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Notice

Proposed Extension of Information Collection Requests

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AGENCY:

Mine Safety and Health Administration, Labor.

ACTION:

Request for public comments.

SUMMARY:

The Department of Labor, as part of its continuing effort to reduce paperwork and respondent burden, conducts a pre-clearance consultation program to provide the general public and Federal agencies with an opportunity to comment on proposed collections of information in accordance with the Paperwork Reduction Act of 1995, 44 U.S.C. 3506(c)(2)(A). This program helps to assure that requested data can be provided in the desired format, reporting burden (time and financial resources) is minimized, collection instruments are clearly understood, and the impact of collection requirements on respondents can be properly assessed. Currently, the Mine Safety and Health Administration (MSHA) is soliciting comments on the proposed extension of the information collection requests (ICRs) contained in the documents described below. A copy of the ICRs may be obtained by contacting the office listed in the ADDRESSES section of this notice.

DATES:

All comments must be received on or before July 10, 2015.

ADDRESSES:

Comments concerning the information collection requirements of this notice may be sent by any of the methods listed below.

  • Federal E-Rulemaking Portal: http://www.regulations.gov. Follow the on-line instructions for submitting comments for docket number MSHA-2015-0006.
  • Regular Mail: Send comments to MSHA, Office of Standards, Regulations, and Variances, 1100 Wilson Boulevard, Room 2350, Arlington, VA 22209-3939.
  • Hand Delivery: MSHA, 1100 Wilson Boulevard, Room 2350, Arlington, VA. Sign in at the receptionist's desk on the 21st floor.
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FOR FURTHER INFORMATION CONTACT:

Sheila McConnell, Acting Director, Office of Standards, Regulations, and Variances, MSHA, at MSHA.information.collections@dol.gov (email); 202-693-9440 (voice); or 202-693-9441 (facsimile).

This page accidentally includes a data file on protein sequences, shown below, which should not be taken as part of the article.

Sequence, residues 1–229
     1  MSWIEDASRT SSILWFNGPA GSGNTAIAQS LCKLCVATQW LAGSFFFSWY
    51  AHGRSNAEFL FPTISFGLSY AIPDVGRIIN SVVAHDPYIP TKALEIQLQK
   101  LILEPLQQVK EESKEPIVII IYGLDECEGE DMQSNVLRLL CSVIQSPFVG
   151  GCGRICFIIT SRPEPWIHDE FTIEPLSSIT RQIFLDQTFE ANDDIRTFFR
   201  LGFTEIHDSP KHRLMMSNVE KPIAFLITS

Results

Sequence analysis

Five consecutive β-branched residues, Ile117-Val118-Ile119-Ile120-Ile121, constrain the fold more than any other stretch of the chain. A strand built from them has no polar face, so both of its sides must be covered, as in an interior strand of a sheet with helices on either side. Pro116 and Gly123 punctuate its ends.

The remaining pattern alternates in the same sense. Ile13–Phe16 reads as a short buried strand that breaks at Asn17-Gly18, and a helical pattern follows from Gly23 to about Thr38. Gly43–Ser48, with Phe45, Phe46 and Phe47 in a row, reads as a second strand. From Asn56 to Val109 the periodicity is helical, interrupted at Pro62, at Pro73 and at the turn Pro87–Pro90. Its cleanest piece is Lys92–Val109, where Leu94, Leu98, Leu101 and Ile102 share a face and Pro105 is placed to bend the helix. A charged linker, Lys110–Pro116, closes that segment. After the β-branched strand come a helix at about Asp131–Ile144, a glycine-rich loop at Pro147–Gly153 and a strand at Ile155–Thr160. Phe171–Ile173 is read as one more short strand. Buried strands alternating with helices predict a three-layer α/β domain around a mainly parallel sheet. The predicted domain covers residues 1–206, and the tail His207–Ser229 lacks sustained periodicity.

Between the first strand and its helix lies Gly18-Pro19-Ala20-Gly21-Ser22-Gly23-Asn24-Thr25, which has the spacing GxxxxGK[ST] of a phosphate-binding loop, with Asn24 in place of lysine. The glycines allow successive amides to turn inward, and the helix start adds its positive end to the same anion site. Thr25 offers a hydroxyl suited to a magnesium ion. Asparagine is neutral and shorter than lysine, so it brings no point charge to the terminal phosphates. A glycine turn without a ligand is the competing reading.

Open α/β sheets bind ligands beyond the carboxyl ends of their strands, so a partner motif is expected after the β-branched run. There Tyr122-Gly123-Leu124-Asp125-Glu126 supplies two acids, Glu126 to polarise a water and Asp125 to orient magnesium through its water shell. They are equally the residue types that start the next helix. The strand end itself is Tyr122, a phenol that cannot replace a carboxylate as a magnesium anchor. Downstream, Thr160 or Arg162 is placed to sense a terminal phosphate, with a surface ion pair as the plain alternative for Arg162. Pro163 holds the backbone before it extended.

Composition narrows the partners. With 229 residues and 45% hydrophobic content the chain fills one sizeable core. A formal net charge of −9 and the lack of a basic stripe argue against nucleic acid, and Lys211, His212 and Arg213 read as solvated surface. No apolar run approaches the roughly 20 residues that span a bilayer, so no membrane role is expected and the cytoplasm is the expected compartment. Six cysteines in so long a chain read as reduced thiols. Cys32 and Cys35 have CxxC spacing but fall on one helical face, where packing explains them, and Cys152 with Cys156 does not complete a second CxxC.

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SUPPLEMENTARY INFORMATION:

I. Desired Focus of Comments

MSHA is soliciting comments concerning the proposed extension of the information collection requests contained in this notice. MSHA is particularly interested in comments that:

  • Evaluate whether the collection of information is necessary for the proper performance of the functions of the agency, including whether the information has practical utility;
  • Evaluate the accuracy of MSHA's estimate of the burden of the collection of information, including the validity of the methodology and assumptions used;
  • Suggest methods to enhance the quality, utility, and clarity of the information to be collected; and
  • Minimize the burden of the collection of information on those who are to respond, including through the use of appropriate automated, electronic, mechanical, or other technological collection techniques or other forms of information technology, e.g., permitting electronic submission of responses.

This information collection request is available on http://www.msha.gov/​regs/​fedreg/​informationcollection/​informationcollection.asp. The information collection request will be available on MSHA's Web site and on http://www.regulations.gov. MSHA cautions the commenter against providing any information in the submission that should not be publicly disclosed. Full comments, including personal information provided, will be made available on www.regulations.gov and www.reginfo.gov.

The public may also examine publicly available documents at MSHA, 1100 Wilson Boulevard, Room 2350, Arlington, VA. Sign in at the receptionist's desk on the 21st floor.

Questions about the information collection requirements may be directed to the person listed in the FOR FURTHER INFORMATION section of this notice.

II. Current Actions